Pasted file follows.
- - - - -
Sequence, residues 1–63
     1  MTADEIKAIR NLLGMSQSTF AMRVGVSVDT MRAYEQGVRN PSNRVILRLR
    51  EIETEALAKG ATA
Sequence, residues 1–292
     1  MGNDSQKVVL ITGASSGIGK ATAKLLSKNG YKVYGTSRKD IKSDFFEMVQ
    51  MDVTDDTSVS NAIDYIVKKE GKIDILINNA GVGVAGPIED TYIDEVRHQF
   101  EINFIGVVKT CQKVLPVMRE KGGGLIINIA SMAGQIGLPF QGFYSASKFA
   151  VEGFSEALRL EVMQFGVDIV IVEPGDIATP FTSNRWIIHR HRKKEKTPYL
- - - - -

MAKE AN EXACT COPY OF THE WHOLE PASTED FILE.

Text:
Sequence, residues 1–63
     1  MTADEIKAIR NLLGMSQSTF AMRVGVSVDT MRAYEQGVRN PSNRVILRLR
    51  EIETEALAKG ATA
Sequence, residues 1–292
     1  MGNDSQKVVL ITGASSGIGK ATAKLLSKNG YKVYGTSRKD IKSDFFEMVQ
    51  MDVTDDTSVS NAIDYIVKKE GKIDILINNA GVGVAGPIED TYIDEVRHQF
   101  EINFIGVVKT CQKVLPVMRE KGGGLIINIA SMAGQIGLPF QGFYSASKFA
   151  VEGFSEALRL EVMQFGVDIV IVEPGDIATP FTSNRWIIHR HRKKEKTPYL